In stating the obvious, a logo is nothing more than a visual representation of your company name or brand identity. Some logos — pictographic symbols especially — can, over time, become powerful stand-ins for the name of the company. They represent all that the company stands for, and are instantly recognizable.
The logos for the likes of Coca Cola, Apple and BMW have intrinsic value far beyond their simplicity and appearance. They have come to represent corporate ideals, values and standards that these companies have wisely chosen to stick to in the face of all competition. And they’ve reaped appropriate rewards.
But first things first. If you haven’t come up with a smashing, brilliant name for your product, service or company, creating a decent logo will be challenging to say the least. Maybe not impossible, but challenging.
That said, I’ll discuss the agonies and ecstasies of creating a company name and brand in more detail under the overall umbrella of Market. Here, I’ll give you some examples of the logos I’ve created to help companies brand themselves in the marketplace.
I believe that a logo is a strategic purchase that represents your brand in the marketplace. Over time a good logo will stand up to the rigors of the market like your top salesman in their best suit. And not wilt in the heat.
Let me show you some examples.
I designed this logo for a service company specializing in high-end laser-scan color separations for graphic printing and, more recently, fine art reproduction services such as giclee printing.
The logo was designed to take advantage of how color works in traditional additive four-color graphic printing with the primary cyan, magenta and yellow colors.
The shape of the Color Company logo encouraged its application in numerous sizes and styles, reinforcing the brand identity.
There’s an interesting story behind this logo, designed for a wholesale jewelry manufacturer originally based in the middle east that was just beginning to establish its presence in the United States in the late 1970’s.
I was invited to meet the representatives of the firm in their distributor showroom — most of an upper floor of an office building in the swankest part of Houston. They served rich, dark, coffee in tiny demitasse cups. It was excellent — and kept me caffine-buzzed for the next 24 hours.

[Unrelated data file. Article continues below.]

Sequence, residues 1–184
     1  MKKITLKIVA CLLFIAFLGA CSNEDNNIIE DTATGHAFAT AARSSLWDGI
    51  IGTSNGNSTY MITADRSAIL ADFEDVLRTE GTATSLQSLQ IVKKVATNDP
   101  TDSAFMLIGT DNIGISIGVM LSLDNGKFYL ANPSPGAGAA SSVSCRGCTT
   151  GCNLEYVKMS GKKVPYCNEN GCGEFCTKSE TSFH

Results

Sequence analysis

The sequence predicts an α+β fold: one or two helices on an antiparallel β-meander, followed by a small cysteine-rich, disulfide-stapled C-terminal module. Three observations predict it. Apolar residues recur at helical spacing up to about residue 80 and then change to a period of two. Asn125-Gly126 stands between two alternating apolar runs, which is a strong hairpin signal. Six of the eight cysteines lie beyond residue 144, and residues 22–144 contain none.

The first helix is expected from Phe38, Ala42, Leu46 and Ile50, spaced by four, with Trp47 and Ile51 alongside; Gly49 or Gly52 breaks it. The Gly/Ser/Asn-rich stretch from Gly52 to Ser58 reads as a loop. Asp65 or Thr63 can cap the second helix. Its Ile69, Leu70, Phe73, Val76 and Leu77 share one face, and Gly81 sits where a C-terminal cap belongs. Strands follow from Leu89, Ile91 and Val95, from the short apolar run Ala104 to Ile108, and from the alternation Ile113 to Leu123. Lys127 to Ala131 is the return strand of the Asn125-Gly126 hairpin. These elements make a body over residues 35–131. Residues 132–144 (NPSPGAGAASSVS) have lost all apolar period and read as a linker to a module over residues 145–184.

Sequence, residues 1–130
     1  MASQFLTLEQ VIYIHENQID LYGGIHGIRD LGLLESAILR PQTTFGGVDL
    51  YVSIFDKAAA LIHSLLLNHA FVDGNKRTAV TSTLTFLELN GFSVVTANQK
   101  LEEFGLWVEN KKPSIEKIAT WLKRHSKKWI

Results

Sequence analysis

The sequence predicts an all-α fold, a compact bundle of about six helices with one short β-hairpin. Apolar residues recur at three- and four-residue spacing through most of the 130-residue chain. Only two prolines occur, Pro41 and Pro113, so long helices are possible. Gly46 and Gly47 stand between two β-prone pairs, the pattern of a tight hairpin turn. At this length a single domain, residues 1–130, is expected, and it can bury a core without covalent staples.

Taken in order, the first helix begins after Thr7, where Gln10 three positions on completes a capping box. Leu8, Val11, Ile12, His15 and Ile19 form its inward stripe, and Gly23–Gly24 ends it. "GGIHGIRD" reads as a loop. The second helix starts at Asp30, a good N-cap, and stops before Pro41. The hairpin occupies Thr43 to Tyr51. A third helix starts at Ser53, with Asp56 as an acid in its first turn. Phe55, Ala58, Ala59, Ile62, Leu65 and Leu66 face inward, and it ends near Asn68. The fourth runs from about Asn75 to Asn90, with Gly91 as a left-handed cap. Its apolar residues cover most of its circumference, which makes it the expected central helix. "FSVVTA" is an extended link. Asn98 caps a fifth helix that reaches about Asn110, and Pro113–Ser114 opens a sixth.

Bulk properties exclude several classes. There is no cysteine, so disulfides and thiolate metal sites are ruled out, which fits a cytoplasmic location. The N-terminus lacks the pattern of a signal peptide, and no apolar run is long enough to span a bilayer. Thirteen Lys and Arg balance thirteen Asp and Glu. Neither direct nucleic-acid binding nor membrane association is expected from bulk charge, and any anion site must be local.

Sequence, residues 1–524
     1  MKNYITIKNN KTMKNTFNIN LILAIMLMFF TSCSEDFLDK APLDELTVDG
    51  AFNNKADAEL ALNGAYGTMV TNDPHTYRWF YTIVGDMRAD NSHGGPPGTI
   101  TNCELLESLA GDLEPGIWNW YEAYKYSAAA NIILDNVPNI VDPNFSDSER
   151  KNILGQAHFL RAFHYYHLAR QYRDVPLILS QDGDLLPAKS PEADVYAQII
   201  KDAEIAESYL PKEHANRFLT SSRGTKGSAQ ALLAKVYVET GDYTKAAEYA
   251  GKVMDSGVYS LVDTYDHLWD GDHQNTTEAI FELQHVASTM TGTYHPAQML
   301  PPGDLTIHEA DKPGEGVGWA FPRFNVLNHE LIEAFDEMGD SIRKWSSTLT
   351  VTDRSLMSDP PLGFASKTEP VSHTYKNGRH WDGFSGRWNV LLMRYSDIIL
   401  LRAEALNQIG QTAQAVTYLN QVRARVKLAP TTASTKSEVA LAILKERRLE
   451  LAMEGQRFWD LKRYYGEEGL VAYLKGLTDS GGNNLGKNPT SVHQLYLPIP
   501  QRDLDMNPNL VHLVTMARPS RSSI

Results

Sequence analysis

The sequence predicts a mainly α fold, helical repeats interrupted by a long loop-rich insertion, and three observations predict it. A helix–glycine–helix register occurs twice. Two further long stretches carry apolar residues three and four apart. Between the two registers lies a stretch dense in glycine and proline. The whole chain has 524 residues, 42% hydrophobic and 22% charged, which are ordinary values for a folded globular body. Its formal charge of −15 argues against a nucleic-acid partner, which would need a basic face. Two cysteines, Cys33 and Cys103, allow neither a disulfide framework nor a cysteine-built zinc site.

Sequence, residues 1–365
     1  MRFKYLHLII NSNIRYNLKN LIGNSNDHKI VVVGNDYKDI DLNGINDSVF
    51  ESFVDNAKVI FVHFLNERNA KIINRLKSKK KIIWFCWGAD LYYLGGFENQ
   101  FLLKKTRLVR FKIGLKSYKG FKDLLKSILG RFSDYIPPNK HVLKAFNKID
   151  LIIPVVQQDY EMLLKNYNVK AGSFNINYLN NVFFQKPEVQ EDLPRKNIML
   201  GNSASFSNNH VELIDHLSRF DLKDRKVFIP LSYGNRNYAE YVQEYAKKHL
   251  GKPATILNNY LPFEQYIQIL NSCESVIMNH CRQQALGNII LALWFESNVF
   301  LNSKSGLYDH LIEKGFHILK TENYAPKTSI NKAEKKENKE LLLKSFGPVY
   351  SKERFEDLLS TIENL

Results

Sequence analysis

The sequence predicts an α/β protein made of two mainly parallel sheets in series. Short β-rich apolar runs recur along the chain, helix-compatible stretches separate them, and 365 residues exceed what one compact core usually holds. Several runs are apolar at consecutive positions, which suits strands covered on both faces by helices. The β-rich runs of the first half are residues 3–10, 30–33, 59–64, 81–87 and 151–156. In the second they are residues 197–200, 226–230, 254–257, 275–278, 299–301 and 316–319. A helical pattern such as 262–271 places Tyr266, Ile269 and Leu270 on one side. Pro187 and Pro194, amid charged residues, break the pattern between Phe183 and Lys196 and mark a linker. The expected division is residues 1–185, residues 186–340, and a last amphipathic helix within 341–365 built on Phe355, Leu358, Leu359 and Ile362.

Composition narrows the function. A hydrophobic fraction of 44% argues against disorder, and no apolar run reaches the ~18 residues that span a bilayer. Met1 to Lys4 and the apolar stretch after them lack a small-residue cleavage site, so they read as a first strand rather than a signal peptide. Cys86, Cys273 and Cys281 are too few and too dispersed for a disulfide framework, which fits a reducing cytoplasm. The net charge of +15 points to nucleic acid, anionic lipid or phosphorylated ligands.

They told me of their committment to quality at every point in their manufacturing process. It was apparent that they were truly masters of taking the raw materials; gold, diamonds, and other precious metals and jewels and fashioning them into something special.
I chose to use that most powerful of raw materials, gold, in its unformed liquid state, to write the name of their firm. It represented the very beginning of the manufacturing process of which they were masters. The final logo was embossed and gold foil stamped on super-premium papers for stationary and other print marketing uses.
While they have changed their logo since then, I believe that my original design played a part in helping to establish their long-running success.
For an old, well-established manufacturer of diverse products for the energy, agricultural and OEM industries, GSP (now PGI International) had no specific brand identity when they asked me to create their first real logo. They just had to keep the name (despite the negative connotations).
Reviewing their product line, the common thread that I felt could drive their brand identity was the hexagonal shape used in many of their products. From this element I sought to create a logo that had solidity along with a sense of strong value commensurate with the products they delivered.
The basic form of the logo is still in use today, surviving the company name and ownership changes over the years. This speaks well of the clarity of the original design and its relationship to the firm and the goods produced.